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RMT’s strike action

Ellis Croft
Negotiation Train Strikes 2
© Adobe Stock

The RMT’s strike action has been very much front and centre of recent news reports – and understandably so, given how many of us are affected by them. One way of looking at this would be to probe each party’s objectives, constraints, motives and tactics to see how an effective negotiation settlement might be achieved. However, stepping back from the negotiating table it becomes clear that we’re looking at a conflict – and not just one involving the rail workers. This week Mick Lynch has been barged off the front pages by those notorious Marxist firebrands in the legal profession, who are also taking industrial action. We’re also reading about potential strike action across diverse sections of the economy – NHS workers, teachers and a raft of private sector workers are all threatening or planning strikes over the Summer.

On the face of it, with inflation running at over 9% and the RMT making a 7% wage claim, there should be overlap between the government’s position that wage restraint is a necessary part of managing inflation and claims should fall below inflation accordingly, and the demand on the table from the union. And yet there’s no negotiated settlement. Perhaps one – or both – sides are not interested in resolving the conflict, and see bigger objectives that may be served best through more strikes?

It's not beyond the realms of possibility that influential voices within both camps are looking to another way of resolving conflict – arbitration. And by arbitration, I mean a general election. On the one hand, the unions may see the potential for a wave of strike action to sweep away the government as voters blame No.10. Equally, there may be those in government who see an existential crisis driven by industrial action as the ideal vehicle for undermining Labour’s claims to be the party representing national interests, given the historical links between the party and unions.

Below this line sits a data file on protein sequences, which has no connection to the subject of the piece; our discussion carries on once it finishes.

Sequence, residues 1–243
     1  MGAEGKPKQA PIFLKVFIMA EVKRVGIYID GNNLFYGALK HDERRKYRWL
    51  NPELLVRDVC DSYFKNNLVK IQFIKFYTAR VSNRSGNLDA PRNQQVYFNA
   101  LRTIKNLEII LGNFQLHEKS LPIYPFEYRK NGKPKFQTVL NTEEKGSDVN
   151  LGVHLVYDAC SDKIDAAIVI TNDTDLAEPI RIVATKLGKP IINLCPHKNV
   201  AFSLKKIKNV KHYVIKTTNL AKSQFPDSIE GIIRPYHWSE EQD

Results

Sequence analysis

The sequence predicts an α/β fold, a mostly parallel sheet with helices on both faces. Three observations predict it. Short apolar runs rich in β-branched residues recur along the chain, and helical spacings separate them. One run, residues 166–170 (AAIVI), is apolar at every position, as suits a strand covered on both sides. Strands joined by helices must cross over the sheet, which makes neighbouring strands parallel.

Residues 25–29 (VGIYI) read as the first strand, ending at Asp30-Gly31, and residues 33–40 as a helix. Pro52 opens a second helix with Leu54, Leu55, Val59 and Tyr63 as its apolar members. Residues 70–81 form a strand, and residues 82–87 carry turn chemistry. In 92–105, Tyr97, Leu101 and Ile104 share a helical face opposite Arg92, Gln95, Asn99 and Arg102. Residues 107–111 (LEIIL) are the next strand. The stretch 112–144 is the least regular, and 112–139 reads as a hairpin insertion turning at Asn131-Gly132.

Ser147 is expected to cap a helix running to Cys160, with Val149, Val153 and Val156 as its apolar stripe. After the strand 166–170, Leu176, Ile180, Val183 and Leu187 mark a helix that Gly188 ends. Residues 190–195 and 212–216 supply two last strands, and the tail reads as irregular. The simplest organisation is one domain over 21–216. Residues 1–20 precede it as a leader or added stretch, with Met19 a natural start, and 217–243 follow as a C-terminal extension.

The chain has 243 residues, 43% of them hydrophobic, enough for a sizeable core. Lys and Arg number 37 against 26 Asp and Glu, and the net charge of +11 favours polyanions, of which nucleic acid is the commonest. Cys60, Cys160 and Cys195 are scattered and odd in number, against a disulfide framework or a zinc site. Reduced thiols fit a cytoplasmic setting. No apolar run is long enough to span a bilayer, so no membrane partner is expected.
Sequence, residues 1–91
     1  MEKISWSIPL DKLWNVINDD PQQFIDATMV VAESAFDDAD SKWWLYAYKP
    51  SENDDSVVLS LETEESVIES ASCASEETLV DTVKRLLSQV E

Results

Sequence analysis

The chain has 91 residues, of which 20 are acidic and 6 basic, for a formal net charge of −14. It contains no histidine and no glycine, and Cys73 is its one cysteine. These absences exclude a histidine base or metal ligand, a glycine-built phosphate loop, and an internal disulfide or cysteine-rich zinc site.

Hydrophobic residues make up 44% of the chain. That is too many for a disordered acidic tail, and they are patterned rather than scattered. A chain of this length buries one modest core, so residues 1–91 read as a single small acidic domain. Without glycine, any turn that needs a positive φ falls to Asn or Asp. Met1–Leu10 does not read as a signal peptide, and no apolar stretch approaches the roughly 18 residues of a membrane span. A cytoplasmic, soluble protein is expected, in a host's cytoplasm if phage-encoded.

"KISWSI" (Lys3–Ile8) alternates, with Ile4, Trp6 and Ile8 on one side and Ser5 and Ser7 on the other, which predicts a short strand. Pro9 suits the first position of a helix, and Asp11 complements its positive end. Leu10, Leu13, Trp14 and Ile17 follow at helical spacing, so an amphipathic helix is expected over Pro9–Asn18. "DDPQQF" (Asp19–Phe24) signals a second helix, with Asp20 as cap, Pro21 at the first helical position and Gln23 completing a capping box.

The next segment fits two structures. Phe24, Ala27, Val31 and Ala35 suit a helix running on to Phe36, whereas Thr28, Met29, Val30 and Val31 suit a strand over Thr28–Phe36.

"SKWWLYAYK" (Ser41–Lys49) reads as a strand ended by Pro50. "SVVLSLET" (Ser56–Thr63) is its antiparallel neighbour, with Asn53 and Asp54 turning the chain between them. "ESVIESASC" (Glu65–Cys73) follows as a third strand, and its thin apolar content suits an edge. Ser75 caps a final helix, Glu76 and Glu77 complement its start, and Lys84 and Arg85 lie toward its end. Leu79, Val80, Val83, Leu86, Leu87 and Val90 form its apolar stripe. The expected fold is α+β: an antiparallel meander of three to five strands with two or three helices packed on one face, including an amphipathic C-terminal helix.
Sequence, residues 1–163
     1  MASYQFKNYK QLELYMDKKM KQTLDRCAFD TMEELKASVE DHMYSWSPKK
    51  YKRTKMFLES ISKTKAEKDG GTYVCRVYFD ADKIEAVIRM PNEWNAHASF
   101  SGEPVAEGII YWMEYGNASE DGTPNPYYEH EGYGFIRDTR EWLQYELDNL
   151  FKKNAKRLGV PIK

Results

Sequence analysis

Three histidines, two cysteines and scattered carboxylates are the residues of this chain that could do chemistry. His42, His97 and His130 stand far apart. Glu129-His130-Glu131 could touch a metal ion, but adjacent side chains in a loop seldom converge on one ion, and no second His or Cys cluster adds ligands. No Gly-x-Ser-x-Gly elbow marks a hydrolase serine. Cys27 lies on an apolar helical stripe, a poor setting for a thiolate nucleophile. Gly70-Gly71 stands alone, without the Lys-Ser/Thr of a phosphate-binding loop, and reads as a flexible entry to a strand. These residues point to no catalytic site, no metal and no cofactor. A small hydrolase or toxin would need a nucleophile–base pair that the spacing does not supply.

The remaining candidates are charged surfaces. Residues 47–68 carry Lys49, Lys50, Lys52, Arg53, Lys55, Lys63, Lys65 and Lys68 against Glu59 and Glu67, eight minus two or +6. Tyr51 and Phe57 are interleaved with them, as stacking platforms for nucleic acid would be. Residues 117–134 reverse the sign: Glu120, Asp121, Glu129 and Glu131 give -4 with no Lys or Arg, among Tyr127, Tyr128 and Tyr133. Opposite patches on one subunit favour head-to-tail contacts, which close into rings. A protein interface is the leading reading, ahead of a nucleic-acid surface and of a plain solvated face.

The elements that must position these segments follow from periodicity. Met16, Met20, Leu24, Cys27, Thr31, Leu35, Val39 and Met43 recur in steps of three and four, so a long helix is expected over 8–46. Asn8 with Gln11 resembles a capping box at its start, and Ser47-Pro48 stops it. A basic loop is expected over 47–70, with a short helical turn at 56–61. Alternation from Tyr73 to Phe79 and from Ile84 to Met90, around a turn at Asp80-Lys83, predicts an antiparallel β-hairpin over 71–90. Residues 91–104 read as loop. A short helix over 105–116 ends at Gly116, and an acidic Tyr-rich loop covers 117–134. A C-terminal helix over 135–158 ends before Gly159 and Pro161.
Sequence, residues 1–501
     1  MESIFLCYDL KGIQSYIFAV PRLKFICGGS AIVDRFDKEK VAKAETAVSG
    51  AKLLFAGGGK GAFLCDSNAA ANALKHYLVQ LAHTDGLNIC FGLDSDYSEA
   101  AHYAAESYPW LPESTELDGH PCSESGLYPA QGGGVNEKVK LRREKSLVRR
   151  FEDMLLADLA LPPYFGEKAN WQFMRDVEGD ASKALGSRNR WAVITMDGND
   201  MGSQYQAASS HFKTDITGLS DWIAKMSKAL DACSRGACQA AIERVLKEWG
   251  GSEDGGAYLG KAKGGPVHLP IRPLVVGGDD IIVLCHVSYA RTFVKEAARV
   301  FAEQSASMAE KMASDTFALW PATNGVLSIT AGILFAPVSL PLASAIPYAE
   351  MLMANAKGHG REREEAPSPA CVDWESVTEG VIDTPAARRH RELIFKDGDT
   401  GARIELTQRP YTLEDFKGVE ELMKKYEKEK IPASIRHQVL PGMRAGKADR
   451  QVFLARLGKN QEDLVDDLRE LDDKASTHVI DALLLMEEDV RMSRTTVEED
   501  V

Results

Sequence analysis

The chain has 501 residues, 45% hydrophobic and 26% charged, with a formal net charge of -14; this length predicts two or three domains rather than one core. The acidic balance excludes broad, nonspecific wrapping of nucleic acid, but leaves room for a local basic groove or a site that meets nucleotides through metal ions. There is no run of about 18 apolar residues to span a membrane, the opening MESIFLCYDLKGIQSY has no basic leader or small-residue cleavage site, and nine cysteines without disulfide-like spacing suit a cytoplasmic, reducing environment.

Of course, the problem with arbitration as a means of resolving conflict is that while it does potentially end the conflict, it’s highly likely that one party will dislike the outcome more than one achieved through negotiation.

As one of the main drivers behind current industrial disputes – inflation – starts to infect so many of our negotiations, like economic knotweed, skilled negotiators will be spending a portion of their preparation time calculating the costs of negotiating against those of deadlock. Should the calculus favour negotiating, then considering whether the competitive stances adopted by the government and unions will deliver a better outcome than a collaborative approach would be equally important. Our view – informed by observing thousands of negotiations over the last five decades – suggests that the collaborative approach will deliver a better deal for both parties.

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